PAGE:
From relations (7) and (9), the capillary energy of formation of n droplets is given by the expression

Ec = 3 2

n K13 v

2 3

l ≡ 3




V (pl−pv) According to relation (10) one obtains, Ec ≈ 3

2(ρ1m−ρ1v) (ρ1v −ρ1vo) Ψ′′11vo)V

From the choice of the mixture free energy, the total free energy of formation of the droplets is E =E0+Ec whereE0 is the bulk free energy. One deduces

Eo =nψ(l)vl+ψ(v)vv = V ρ1l−ρ1v

[(ρ1m−ρ1v)ψ(l) + (ρ1l−ρ1m)ψ(v)]

By taking into account the equality of the component chemical potentials (11) and due to the fact that gas and vapor are perfect gases, Ψ′′ρ1ρ2 = 0, one obtains

2 (ρ1l−ρ1v)eo = (ρ1m−ρ1v)h

1l−ρ1lo)(ρ1v−ρ1vo′′11vo) + (ρ2l−ρ2lo)(ρ2v−ρ2vo′′22vo)i +(ρ1l−ρ1m)

1v−ρ1vo)2Ψ′′11vo) + (ρ2v −ρ2vo)2Ψ′′22vo) with eo = Eo

V . Due to the respective order of ρ1l, ρ1v, ρ2l, ρ2v, we deduce eo ≈ 1


h(ρ1v−ρ1vo)2Ψ′′11vo) + (ρ2v−ρ2vo)2Ψ′′22vo)i

As indicated in paragraph 3, ρ1voΨ′′11vo) and ρ2voΨ′′22vo) are of same order. Under usual thermodynamic conditions, the vapor density is much lower than the gas density;


moreover ρ2v −ρ2vo associated with a small variation of gas density is of the same order (or an order lower) than ρ1v −ρ1vo associated with variation of vapor density. Then, eo ≈ 1

2(ρ1v−ρ1vo)2Ψ′′11vo) and

e≈ 1

2[(ρ1v −ρ1vo)2+ 3(ρ1m−ρ1v)(ρ1v−ρ1vo)]Ψ′′11vo) is the formation free energy of droplets per unit volume.

This energy has a maximum value when the number of drops per unit volume is maximum.

The value of this energy is emax = (ρ1v −ρ1vo)2Ψ′′11vo)

and by a calculus as in paragraph 3, emax ≈ [p1v −p1vo]2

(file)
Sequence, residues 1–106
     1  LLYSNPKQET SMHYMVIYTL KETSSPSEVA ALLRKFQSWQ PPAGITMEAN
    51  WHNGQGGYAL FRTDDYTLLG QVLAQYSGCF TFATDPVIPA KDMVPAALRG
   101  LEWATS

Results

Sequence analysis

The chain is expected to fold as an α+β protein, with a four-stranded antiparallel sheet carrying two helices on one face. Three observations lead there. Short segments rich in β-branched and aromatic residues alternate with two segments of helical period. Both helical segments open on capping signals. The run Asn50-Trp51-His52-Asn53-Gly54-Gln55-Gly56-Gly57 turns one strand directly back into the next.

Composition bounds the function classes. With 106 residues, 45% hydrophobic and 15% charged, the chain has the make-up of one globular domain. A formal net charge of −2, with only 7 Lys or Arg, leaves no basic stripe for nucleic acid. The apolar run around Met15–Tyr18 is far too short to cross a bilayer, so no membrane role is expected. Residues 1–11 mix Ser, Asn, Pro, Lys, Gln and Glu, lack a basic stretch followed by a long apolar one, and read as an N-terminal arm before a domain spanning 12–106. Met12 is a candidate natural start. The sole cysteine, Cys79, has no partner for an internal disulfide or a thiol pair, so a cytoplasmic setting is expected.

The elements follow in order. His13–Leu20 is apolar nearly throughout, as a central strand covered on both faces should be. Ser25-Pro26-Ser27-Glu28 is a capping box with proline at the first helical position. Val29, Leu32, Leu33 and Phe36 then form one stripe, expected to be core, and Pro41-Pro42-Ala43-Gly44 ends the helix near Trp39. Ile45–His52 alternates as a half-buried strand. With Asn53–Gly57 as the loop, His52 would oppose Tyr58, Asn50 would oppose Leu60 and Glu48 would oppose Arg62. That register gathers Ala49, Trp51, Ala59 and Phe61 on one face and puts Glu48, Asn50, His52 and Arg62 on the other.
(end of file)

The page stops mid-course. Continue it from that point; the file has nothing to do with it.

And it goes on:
When pv =p1v+p2, in the same way that in paragraph 3, emax ≈ [pv−pvo]2


This value does not depend on the surface tension.


The approach to determine the droplet number takes into account the fact that the mixture free energy is a non-convex function of the densities of components. However, this result is not used in explicit calculations and the maximum number of droplets does not take into account the non-convex part of the free energy since the densities of com- ponents are near equilibrium densities associated with the liquid and its saturated vapor in presence of a gas. The result is obtained for a gas and a vapor considered as perfect gases. It cannot be extended to micro-bubbles in a liquid because the free energy of the liquid phase is not an additive function of the mixture components.


1. Y.S. Djikaev and J. Teichmann, J. Aerosol Sci. 30 (1999) 587.

2. V.V. Levdansky et al, Int. J. Heat and Mass Transfert. 45 (2002) 3831.

3. H. Gouin, Eur. J. Mech./B Fluids. 9 (1990) 469.

4. Y. Rocard, Thermodynamique, Masson, Paris, 1952.

5. J.S. Rowlinson and B. Widom, Molecular theory of capillarity, Clarendon Press, Ox- ford, 1984.

6. R.C. Weast, Handbook of Chemistry and Physics, 65th edition, CRC Press, Boca Raton, Florida, 1992.




Related subjects :